Catalonia’s separatists facing scepticism abroad 

Despite renewed efforts from Catalonian representatives who rally support for the independence process; EU Institutions have poured another bucket of cold water over their hopes.

Weeks ago Carles Puigdemont, president of the local executive, concluded his first trip to Brussels without meeting any European authorities. At least 5 public officials, including leaving president of the EP Martin Schulz, Head of the Comission Jean Claude Juncker, Vice-presidents Jyrki Katainen, Valdis Dombrovskis and commissioner Dimitris Avramopoulos were asked for a rendezvous with very little success. Only the local Flemish authorities agreed to receive Mr. Puigdemont who spoke at a conference organized by three MEP’s from Catalonia´s pro independence parties. Both the European Parliament and the ALDE (which integrates MEP’s from Mr. Puigdemont’s party) made it clear through their official channels that the act was not in the institutional agenda and responded to an individual initiative subscribed only by those promoting it.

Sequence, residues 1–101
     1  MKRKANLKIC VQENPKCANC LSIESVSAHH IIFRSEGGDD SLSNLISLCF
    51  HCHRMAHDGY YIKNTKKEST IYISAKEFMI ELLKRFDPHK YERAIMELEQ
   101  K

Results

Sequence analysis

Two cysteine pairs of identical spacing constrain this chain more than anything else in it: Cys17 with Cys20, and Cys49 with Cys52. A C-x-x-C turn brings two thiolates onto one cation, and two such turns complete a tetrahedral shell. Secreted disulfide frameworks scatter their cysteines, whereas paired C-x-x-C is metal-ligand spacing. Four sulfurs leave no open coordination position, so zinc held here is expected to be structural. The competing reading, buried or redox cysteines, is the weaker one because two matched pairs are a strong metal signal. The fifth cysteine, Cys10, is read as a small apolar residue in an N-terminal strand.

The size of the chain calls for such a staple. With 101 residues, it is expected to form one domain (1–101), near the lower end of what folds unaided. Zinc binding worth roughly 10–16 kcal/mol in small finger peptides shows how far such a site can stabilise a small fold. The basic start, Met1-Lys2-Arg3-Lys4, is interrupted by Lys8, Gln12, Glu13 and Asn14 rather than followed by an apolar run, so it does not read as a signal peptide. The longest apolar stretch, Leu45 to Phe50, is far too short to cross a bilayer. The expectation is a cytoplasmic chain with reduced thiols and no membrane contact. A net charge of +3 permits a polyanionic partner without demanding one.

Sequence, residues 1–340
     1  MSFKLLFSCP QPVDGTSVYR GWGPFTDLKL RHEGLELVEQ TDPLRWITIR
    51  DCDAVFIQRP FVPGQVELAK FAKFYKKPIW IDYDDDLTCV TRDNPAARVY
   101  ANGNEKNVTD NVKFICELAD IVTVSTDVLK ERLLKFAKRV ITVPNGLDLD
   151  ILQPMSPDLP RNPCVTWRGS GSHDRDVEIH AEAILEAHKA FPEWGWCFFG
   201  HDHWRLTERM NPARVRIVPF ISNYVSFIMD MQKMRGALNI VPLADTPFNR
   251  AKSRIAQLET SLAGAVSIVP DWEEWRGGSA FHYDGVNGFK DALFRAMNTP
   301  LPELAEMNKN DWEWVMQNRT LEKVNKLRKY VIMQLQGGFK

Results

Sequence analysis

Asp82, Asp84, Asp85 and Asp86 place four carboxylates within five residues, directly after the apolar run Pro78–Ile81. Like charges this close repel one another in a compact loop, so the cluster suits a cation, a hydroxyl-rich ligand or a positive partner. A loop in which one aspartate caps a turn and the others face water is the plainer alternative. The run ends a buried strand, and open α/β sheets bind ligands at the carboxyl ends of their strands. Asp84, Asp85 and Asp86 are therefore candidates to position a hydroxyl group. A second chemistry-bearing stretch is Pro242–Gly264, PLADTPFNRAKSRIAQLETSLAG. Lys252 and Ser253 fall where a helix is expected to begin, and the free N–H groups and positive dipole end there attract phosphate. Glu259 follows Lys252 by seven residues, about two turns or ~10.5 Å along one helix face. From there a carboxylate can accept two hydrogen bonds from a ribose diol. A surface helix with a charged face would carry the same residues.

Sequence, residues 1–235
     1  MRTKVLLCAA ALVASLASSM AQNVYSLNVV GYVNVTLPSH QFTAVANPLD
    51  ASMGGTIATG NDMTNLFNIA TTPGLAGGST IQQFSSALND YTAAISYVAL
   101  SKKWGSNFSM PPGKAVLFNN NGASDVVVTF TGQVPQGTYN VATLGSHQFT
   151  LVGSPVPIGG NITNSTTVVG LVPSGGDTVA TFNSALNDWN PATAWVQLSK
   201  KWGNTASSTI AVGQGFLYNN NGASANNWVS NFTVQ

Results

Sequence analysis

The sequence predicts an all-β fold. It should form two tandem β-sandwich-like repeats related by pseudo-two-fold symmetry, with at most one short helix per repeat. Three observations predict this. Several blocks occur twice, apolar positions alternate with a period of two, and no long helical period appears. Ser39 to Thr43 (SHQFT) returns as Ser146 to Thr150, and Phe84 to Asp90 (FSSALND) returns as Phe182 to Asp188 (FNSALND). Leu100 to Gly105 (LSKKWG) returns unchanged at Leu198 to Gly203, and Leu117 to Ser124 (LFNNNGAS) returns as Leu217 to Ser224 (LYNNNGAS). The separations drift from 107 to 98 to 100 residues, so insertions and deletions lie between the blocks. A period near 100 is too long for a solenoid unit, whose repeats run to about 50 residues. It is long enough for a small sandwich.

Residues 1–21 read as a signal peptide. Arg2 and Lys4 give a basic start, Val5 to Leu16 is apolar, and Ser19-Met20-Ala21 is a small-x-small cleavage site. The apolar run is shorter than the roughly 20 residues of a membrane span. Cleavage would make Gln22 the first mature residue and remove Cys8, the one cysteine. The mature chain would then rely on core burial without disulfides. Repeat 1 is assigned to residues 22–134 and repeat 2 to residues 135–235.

It is not the first time Catalonian leaders face similar responses when abroad. Artur Mas, Puigdemont’s predecessor, also took severe setbacks in his international ventures. So far, the solid relations of the Spanish Government have contributed significantly to the lack of international support for the Catalan independence movement.

In the EU, the existing legal structure recognizes the constitutional order and the territorial integrity of its members leaving no grounds for a unilateral secession process. Within member states, the approach is also quite reluctant. Very recently the German Constitutional Court ruled against a referendum for the Baviera region. This judicial decision, coming from a country that champions federalism, is only a symptom of the political climate in a continent where many countries deal or have dealt with the issue of secession.

The Catalonian local government, currently in the hands of a pro independence executive, has invested a great deal of public resources to try to turn the tides, knowing that a hypothetical statehood of the territory would depend on recognition and support from the international community.